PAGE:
I should have been more worried when by 10pm our bus still hadn’t shown up, but I was used to transportation delays and didn’t give it much thought. There were no announcements of any kind, but at 10:30pm the other passengers – more clued-in than me – stood up and began to walk purposefully down the street. I followed along in the back of the group, and after twisting through several dark alleys we eventually reached a bus. I boarded last and looked for 3A, my assigned seat. But there was no 3A. The seats weren’t even numbered.
I showed my ticket to someone who looked like he worked for the bus company. “Bus changed,” he said. “Sit in any open seat.” I learned later that our original bus broke down, so our bus company shifted us to another company’s bus. Which meant no 3A for me (and, unfortunately, no leatheroid for anyone).
It gradually dawned on me that getting on the bus last had been a big mistake. The only open spot left was the middle seat in the very back row. The base of the seat was broken and slumped awkwardly downward. The people to my right and left were not small, and when I squeezed into my tilted seat I found myself pressed solidly against arms and legs on both sides. Every now and then I caught a whiff of an odor that made my eyes water. Twelve hours began to seem like a very long time.
I almost bailed out. I probably could have found a seat on a bus leaving the next day. But the next day was December 24th and the idea of being on a bus when Christmas arrived sounded even more depressing than the idea of spending the holiday alone in a Kampala hotel room. So I put on my headphones, and with the help of the music I managed to work myself into a diffuse, bleary state of half-consciousness that made the hours pass quickly.
We stopped at the Kenya border around 5am. The process for crossing the border wasn’t clear to me, so I just followed the other passengers, who – with the exception of two Asian tourists – all seemed to be East African locals. First we waited in line at the back of a beat-up, poorly-lit building, where I filled out the visa form and paid a fee. Then we hiked down a long street in the pre-dawn dark, turned left at an unmarked intersection, and eventually reached the Uganda border, where our documents were given a final check. The bus was there waiting for us and we re-boarded.
Soon after sunrise we passed over the Victoria Nile, the first time I’d seen any part of that legendary river. We reached Kampala around 11:30am, but it took us another hour to clear an elaborate security check. We didn’t reach our final destination until 12:30pm, a full 14 hours after we left Nairobi. I was beat.
Uganda’s primary draw for me was the chance to see mountain gorillas in the wild. Only about 700 of the critically endangered Great Apes remain in the world, and they can only be found in one place – the area where the borders of Uganda, Rwanda, and the Congo meet. Those three countries haven’t exactly been a model of stability over the past century, and all the turmoil has made it difficult to protect the rapidly-disappearing gorillas.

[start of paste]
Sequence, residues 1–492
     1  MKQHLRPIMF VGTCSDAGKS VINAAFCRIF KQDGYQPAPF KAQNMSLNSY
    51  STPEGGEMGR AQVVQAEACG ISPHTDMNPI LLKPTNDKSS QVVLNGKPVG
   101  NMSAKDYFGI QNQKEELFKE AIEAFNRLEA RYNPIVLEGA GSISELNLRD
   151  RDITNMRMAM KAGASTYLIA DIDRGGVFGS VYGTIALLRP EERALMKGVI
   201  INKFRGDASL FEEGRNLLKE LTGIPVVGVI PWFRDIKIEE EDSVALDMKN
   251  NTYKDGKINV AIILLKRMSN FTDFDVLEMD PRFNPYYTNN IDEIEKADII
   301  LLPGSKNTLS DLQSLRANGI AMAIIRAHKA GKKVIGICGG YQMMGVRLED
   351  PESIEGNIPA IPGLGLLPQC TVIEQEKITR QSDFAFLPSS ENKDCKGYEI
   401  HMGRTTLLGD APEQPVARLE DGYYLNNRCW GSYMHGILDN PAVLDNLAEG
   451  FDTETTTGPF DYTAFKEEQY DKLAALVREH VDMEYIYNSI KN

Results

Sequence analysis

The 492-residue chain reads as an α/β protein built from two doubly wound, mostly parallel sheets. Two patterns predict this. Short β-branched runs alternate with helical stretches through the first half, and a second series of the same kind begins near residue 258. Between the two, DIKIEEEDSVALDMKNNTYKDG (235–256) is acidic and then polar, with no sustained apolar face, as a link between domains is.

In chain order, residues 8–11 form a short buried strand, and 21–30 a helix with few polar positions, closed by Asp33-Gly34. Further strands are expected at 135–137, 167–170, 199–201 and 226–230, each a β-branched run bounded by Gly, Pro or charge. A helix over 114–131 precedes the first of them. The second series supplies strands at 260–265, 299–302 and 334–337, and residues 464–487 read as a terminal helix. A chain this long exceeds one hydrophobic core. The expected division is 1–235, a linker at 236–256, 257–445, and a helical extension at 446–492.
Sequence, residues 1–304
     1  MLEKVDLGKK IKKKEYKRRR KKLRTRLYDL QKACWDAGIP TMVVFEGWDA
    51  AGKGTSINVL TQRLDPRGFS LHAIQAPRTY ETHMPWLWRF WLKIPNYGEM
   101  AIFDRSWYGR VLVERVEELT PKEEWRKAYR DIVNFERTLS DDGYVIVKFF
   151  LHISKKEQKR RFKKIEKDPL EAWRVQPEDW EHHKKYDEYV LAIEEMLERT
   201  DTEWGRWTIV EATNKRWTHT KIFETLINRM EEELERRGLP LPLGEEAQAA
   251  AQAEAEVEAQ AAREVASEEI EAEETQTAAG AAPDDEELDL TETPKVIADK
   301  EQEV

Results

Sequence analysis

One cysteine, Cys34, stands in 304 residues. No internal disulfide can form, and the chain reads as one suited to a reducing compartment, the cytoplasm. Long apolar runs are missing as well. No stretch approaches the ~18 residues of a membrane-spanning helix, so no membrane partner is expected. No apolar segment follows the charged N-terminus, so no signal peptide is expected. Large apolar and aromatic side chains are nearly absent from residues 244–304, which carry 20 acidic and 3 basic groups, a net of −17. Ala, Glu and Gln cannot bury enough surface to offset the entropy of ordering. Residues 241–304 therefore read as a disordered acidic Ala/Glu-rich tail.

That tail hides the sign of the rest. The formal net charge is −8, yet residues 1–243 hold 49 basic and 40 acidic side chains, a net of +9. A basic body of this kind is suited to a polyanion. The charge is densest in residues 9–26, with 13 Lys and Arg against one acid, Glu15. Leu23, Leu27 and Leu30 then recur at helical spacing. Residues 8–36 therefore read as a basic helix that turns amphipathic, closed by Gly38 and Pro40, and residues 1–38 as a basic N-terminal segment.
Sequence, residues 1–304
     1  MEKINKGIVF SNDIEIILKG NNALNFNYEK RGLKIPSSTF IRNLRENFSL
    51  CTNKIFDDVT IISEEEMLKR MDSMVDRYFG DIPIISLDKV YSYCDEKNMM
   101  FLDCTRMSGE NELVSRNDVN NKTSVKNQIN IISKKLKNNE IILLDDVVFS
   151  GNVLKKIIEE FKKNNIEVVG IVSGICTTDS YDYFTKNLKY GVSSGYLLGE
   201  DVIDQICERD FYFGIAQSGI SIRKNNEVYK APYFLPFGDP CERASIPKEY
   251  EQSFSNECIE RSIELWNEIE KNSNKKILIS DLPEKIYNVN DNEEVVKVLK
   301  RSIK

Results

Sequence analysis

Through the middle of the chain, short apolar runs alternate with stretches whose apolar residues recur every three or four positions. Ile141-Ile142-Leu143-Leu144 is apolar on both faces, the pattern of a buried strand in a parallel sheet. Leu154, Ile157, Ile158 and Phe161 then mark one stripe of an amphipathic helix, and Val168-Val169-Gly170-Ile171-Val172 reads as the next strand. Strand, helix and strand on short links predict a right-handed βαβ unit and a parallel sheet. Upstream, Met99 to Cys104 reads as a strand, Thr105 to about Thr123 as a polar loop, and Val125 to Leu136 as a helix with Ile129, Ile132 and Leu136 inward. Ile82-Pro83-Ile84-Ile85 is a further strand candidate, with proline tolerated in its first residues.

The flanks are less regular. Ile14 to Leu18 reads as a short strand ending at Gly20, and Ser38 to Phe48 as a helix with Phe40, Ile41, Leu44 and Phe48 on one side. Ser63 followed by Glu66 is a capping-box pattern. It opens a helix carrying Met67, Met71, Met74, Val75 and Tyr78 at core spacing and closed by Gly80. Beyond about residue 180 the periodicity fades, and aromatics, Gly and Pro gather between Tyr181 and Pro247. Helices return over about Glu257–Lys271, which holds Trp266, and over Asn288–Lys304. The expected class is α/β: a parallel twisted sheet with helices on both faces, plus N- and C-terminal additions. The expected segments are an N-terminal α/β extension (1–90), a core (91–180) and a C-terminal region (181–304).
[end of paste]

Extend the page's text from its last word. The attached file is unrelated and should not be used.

In the 1950s conservationists began to realize that tourism might be able to help. Mountain gorillas are by nature afraid of humans, and they must be habituated – a process that takes years – before they’ll allow people to approach them. But once a group of mountain gorillas has been habituated they’ll let humans get extremely close.
The work of Dian Fossey (popularized in a movie called Gorillas in the Mist) significantly raised worldwide awareness and interest, and over the years gorilla tracking has become the biggest attraction in Uganda and Rwanda. Tourist dollars now provide a powerful financial incentive to protect the area’s wildlife, and the gorilla population has stabilized.
Bwindi Impenetrable National Park in the far southwest corner of Uganda is home to about half of the world’s mountain gorillas. Six of Bwindi’s gorilla groups have been habituated, and eight tourists each day are allowed to track and visit each group. Supply and demand allows park officials to charge a steep fee for gorilla tracking – a one-day tracking permit costs $500 – but the majority of that money goes directly towards conservation efforts.
When I arrived in Uganda my only goal was to secure a spot on one of the gorilla tracking groups headed into Bwindi. Some travelers manage to keep down the costs of gorilla tracking by going with a scheduled group and staying at budget hostels. Other travelers shell out a lot of cash for a custom tour that includes luxury accommodations. I somehow managed to combine the worst of both those approaches and ended up paying a lot to stay in budget hostels.
I’d underestimated the impact of Christmas. The tour operators were all on vacation from 12/24 through 12/27 so I couldn’t even check availability until Tuesday the 28th, and it turned out the next scheduled group didn’t leave until January 7th. I wanted to leave sooner, so I sucked it up and paid for my own solo tour. And as long as I was creating a custom tour, I figured I might as well add on a visit to Queen Elizabeth National Park to see chimpanzees in the wild as well.
The next available gorilla tracking permit was for the Nshongi group (sometimes spelled Shongi), in the Ruhija sector of Bwindi, on January 1st. That sounded perfect. If all went well I’d be spending New Year’s Day with mountain gorillas. Not a bad way to welcome 2011!
It felt strange and lonely to spend Christmas by myself in a Kampala hotel room. Uganda is 85% Christian, and the entire city shut down. The street outside my hotel room, which had been gridlocked with people, cars, and motorbikes when I arrived, became deserted and silent. I ate Christmas dinner in the hotel restaurant, where, for some reason nobody could explain, they played the movie G.I. Jane on a big-screen T.V. I think it’s safe to say that watching G.I. Janein Kampala will not become a new Christmas tradition for me.